Weaver Wednesday  - Discovery : Northern Red Bishop2014-12-24 (608)
Weaver Wednesday (species text)
Northern Red Bishop Euplectes franciscanus
IntroductionThe Northern Red Bishop was formally named by Paul Erdmann Isert, a German botanist. Isert was a Chief Surgeon in Accra, in Danish Guinea, from 1783 to 1786. He noted that these birds were present from June to August, and he collected 12 male specimens. His German publication on the birds of the area included a poor line drawing of the Northern Red Bishop - the publication appeared days before his death.
Isert was not the first to write about the Northern Red Bishop. Willem Bosman gave the first description of birds from Ghana, including the Northern Red Bishop, with the first illustration (although poor) of this species, but without providing any names for most birds.
The first colour illustration of the Northern Red Bishop is found in Daubenton 1783, where it is incorrectly listed as coming from the Cape. The male is clearly a Northern Red Bishop with a red chin, and not a Southern Red Bishop. Boddaert 1783 identified most birds that were illustrated in Daubenton, but in the case of plate 134 fig 1 (the Northern Red Bishop), Boddaert only refers to the Fody in Figure 2.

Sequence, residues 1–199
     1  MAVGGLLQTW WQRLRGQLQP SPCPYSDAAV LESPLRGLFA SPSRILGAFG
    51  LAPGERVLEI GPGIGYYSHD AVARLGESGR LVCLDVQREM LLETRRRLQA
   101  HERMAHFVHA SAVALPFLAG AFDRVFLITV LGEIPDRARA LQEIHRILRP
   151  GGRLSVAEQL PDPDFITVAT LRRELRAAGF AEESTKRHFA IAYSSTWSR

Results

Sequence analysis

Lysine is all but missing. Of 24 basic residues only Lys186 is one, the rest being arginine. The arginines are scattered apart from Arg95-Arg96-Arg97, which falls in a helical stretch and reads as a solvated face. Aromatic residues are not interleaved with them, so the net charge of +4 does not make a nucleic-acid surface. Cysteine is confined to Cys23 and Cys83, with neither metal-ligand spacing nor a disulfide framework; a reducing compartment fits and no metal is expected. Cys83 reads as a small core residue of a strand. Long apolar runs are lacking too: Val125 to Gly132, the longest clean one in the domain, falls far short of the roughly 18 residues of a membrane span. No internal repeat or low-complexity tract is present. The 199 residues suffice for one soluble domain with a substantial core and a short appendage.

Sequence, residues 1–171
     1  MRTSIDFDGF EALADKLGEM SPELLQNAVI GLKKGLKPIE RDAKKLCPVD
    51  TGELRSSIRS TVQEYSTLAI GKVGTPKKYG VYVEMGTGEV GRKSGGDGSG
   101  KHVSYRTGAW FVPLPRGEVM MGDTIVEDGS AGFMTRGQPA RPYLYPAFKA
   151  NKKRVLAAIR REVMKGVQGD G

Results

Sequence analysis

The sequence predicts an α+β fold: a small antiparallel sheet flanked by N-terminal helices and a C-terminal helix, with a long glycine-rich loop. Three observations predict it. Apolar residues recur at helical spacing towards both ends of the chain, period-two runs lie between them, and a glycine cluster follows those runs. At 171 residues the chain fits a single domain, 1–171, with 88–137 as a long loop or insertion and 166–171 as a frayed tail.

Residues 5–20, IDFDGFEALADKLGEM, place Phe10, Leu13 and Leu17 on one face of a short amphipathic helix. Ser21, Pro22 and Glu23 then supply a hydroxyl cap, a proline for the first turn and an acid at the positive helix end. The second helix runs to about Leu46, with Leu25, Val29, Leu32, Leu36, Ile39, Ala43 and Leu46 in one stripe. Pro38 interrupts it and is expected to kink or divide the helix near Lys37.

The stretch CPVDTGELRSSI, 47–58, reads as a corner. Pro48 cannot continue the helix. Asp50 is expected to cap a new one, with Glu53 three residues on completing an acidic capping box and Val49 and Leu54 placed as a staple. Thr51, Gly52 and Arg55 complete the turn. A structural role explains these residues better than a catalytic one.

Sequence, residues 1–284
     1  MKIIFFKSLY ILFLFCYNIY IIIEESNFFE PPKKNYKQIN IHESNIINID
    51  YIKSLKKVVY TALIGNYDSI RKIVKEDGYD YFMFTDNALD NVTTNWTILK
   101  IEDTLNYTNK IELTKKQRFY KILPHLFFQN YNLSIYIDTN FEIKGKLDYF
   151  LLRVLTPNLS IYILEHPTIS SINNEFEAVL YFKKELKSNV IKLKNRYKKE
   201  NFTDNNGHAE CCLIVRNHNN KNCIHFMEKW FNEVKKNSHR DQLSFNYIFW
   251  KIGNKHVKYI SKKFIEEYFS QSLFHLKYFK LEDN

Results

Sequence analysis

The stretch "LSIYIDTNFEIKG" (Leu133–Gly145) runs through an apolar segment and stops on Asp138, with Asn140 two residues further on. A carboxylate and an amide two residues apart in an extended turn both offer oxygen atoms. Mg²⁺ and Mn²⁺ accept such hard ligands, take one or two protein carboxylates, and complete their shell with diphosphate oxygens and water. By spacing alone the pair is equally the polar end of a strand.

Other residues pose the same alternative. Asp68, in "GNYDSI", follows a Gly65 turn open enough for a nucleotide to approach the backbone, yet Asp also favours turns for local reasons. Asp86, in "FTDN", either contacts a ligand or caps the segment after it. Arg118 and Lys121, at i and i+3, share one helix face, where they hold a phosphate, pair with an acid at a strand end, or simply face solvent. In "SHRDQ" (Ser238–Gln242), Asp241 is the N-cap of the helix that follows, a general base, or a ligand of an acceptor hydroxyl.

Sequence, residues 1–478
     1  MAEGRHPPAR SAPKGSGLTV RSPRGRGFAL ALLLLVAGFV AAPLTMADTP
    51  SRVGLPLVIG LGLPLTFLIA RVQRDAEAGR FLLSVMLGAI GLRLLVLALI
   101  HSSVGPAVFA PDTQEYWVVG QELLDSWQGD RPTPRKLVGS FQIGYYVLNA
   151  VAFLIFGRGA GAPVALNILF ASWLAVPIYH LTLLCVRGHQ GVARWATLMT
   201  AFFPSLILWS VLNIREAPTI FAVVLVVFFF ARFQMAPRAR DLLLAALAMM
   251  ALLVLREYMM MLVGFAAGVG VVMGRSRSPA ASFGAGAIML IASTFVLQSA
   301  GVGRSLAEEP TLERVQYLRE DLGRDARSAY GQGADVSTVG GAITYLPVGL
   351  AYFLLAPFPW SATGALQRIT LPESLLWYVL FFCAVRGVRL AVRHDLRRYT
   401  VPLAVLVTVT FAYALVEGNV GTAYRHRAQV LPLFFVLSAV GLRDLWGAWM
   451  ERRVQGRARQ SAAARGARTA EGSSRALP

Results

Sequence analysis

Most likely a specimen of the Northern Red Bishop arrived in France, was illustrated in Daubenton and overlooked by Boddaert and other authors, leaving Isert to provide the first formal description for this species.
Scientific citationLoxia franciscana Isert 1789 Schrift. Ges. Nat. Freund. Berlin, 19, p.332, pl.9 Accra, Ghana.
Meaning of namesfranciscanus (Latin): franciscanus = Franciscus and -anus = relating to; thus refers to the scarlet robes worn by the Franciscan order (founded by St Francis of Assisi, 1182-1226).
Alternate namesLittle Bishop, Orange Bishop, West Nile Bishop.
CollectorPaul Erdmann Isert.
Date collected1783 - 1786, when Isert lived in Accra, Ghana.
Locality collectedan der See auf Acra = coastal Accra.
Type specimensNo type specimens known to survive.